The Netherlands must take the lead in developing the hyperloop by making sure that the country gets the first test track for this high speed transport system, a number of Dutch companies wrote in a letter to the Ministry of Infrastructure and Water Management, which covers Transport, NU.nl reports.
With a flight from London to Amsterdam, Dutch airline KLM said its final goodbyes to the Fokker 70 plane. The last KLM flight with a Fokker 70 landed on Schiphol airport around 8:30 p.m. on Saturday. And on Sunday a Fokker monument was unveiled at Schiphol Oost.
KLM decided to part with the Fokker planes because their maintenance became too expensive, NOS reports. The planes were discontinued in 1996, making it difficult to find parts. Over the past years, KLM still flew with seven Fokker planes.
Airline KLM is saying goodbye to its last Fokker 70 plane on October 29th next year, thereby putting an end to a 100 year period of Fokker planes in the KLM fleet
Dutch airplane company Fokker Technologies is being taken over by British company GKN Aerospace. On Tuesday GKN announced that it is acquiring Fokker for 706 million euros from British investor Arle Capital.
KLM is buying 17 new aircraft of the Brazilian aircraft manufacturer Embraer to replace the Fokker 70 from 2018, Het Parool reports. The replacement of the F70's means that KLM will not be lfying any Fokker aircraft for the first time in 80 years.
Dutch aircraft firm Fokker Technologies signed a new contract with US aerospace company Lockheed Martin to supply wing components for the F-35 Joint Strike Fighter (JSF). The deal signed last week in the Hague, is believed to be worth tens of millions of euros.
A collection of a high-up political officials including the prime minister and finance minister make frequent use of the Dutch royal family's government-owned aircraft following a ban on politicians' use of private jets. Ministers and State Secretaries have used the flight, a Fokker 70 designated as PH-KBX, twice as often as members of the royal family, according to a report in AD.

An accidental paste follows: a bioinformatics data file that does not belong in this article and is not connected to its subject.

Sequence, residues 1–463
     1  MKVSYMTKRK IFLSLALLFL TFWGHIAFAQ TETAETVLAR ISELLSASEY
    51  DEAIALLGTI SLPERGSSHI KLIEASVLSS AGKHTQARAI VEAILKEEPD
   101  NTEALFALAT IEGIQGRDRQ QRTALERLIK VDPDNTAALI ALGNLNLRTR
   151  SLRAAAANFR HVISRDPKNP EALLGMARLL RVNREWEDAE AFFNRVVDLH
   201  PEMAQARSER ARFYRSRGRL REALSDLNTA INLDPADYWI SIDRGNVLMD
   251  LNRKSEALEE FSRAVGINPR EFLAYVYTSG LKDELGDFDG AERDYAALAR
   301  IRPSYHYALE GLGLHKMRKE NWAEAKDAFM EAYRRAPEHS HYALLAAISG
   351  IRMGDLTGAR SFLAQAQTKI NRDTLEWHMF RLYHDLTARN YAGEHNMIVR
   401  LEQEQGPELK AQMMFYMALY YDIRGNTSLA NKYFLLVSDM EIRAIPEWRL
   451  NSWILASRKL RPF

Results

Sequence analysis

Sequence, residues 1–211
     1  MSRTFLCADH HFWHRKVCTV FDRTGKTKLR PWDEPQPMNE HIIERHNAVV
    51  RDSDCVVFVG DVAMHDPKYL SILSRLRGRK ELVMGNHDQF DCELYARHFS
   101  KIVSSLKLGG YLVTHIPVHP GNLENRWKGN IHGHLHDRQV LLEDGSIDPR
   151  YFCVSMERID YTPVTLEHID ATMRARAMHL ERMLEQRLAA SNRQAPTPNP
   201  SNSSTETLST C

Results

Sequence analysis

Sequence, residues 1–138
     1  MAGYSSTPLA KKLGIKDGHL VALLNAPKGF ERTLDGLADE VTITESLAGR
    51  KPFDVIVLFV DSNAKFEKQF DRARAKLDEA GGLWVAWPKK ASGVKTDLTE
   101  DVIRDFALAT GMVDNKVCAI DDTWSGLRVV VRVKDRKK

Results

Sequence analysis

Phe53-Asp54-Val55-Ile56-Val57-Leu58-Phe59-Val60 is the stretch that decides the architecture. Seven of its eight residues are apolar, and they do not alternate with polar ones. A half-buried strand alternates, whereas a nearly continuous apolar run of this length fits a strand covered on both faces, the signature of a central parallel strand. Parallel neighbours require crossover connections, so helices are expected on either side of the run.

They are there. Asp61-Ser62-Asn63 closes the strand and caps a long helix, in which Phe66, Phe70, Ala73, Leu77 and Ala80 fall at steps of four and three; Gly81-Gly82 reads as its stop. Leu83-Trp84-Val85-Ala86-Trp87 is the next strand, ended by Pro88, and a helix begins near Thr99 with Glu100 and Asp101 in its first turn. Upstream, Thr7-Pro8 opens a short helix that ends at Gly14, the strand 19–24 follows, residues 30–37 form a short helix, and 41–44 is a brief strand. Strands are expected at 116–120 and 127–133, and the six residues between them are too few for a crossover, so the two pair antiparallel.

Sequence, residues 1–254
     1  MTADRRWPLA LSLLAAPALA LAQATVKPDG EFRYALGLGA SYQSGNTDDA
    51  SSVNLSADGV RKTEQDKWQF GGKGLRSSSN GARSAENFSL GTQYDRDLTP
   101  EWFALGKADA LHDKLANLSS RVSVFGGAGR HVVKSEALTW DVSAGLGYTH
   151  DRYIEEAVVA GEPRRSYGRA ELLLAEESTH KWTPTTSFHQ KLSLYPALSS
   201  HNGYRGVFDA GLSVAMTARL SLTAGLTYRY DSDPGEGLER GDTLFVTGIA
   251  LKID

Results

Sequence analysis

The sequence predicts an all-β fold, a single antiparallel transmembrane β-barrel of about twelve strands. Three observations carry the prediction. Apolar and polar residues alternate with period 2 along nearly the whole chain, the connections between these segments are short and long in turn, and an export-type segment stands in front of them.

A Dutch-manufactured cargo plane crashed into a building in Kenya's capital, Nairobi early Wednesday morning. According to Reuters, all four passengers including pilot and co-pilot, were killed in the crash.
The maintenance branch of aircraft manufacturers Fokker will cut 200 of the nearly 730 jobs in the Netherlands. Fokker Services hopes this will help to stagnate the pressure of decreasing turnovers for the maintenance of old Fokker aircrafts, and increase efficiency. This is from an announcement Fokker made yesterday. The measures are unavoidable, says Fokker Services director Peter Somers.
Aircraft maintenance company Fokker Services is expected to announce layoffs in mid-February, newspaper Het Financieele Dagblad reported. The firm works exclusively on maintenance of Fokker aircraft built before the company went bankrupt in 1996.
The round-up of some of this week’s most noteworthy events and news stories features: the commotion around Zwarte Piet, Greenpeace still trying to free their crew, Netherlands and Russia trying resolve their recent issues with one another, and of course the American NSA